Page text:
Before Feminism – and After!
Lately, I’ve been reading When Men Were the Only Models We Had, by Carolyn Heilbrun. It’s a memoir on coming of age as an intellectual woman before feminism. As a graduate student in Columbia University’s English Department, her great teachers, Lionel Trilling and Jacques Barzun, taught her to roam free in the Life of the Mind, the only constraint to be good thinking and good writing. Clifton Fadiman, a critic well known at the time, was not an academic but taught her by example to write clearly, honestly and without pretentious jargon.
I know what she is talking about. In my childhood, listening to the conversations between my father, Henry M. Rosenthal (considered by his classmates at Columbia their one “genius”) and art historian Leo Bronstein, his best friend, was like having died and gone to heaven. I could not think that growing up could show me anything better and, in a way, it never did.
The only barrier that stood between Heilbrun and the Life of the Mind was that it was represented to her as an exclusively male consortium. Crudely lettered, like a tree house club with a sign nailed at the base:
No Girls Allowed.
Although that restriction had been no part of my childhood, nor indeed through high school, my women’s college or the Fulbright year in Paris, it descended like an iron curtain over my years as a graduate student of philosophy. At Columbia, where I received my masters with doctoral candidacy, the problem was not the unfunny jokes about women. It was the careerist and second-hand feel of the place, which threatened to kill motivation at the root. At the much less prestigious Penn State, to which I transferred, the atmosphere was original and intellectually alive, but salted with exclusivist maleness. You got the Life of the Mind all right, but in a tree house Not for Girls.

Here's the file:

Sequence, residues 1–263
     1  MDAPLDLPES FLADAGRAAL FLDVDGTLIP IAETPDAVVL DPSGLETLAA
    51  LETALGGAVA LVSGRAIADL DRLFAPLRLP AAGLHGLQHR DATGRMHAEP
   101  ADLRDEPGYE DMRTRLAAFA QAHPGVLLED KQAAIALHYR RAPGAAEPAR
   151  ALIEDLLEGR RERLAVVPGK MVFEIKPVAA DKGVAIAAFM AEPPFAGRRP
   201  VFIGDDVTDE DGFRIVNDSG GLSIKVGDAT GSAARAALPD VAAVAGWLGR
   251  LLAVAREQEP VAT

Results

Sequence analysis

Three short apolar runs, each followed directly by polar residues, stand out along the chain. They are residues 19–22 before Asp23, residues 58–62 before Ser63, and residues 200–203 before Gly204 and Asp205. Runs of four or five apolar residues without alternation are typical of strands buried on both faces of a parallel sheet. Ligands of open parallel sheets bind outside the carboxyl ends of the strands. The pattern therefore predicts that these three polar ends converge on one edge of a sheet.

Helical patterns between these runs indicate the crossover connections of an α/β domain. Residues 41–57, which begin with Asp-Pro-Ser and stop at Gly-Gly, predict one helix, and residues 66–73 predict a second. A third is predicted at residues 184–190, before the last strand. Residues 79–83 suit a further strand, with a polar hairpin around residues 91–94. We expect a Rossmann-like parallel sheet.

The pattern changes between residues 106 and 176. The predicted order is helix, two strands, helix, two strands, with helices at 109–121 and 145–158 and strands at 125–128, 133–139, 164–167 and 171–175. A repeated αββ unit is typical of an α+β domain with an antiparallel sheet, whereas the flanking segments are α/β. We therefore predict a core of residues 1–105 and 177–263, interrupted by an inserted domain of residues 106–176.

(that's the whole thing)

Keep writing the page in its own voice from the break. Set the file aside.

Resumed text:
Was I unusually sensitive? Of the women who were grad students with me, one converted to Catholicism and entered a convent. Another, of Russian origin, also became a nun, entering an order that practiced flagellation. A third, married with children, was forced out by a schedule of courses that precluded her other duties. What happened to me – no ordinary troubles I assure you — is told in Unhidden Depths: Confessions of a Young Philosopher (forthcoming).
“That’s a hundred percent,” remarked a high school friend with whom I recently revisited my grad student days.
Yeah. So I fully understand the dilemma Carolyn Heilbrun portrays in her memoir. Of the three men who modeled for her the Life of the Mind, the most influential was Lionel Trilling. She quotes him on how women were seen by people like himself. Here’s how they looked in the 1920s:
- The masculine mind, dulled by preoccupation, was to be joined and quickened by the Woman-principle, which drew its bright energies from ancient sources and sustained the hope of new things … — they were to be free, brilliant and, in their own way, powerful and, like men, they were to have destinies, yet at the same time they would be delightful, and they would be loved because they were women.
Personally, I don’t see a problem. Seems to me they got it right the first time.
However, as Heilbrun quotes Trilling’s later view, Sigmund Freud entered the club house and changed all that.
- The substance of this judgment is that women are hostile to men and carry their hostility to the point of being castrating …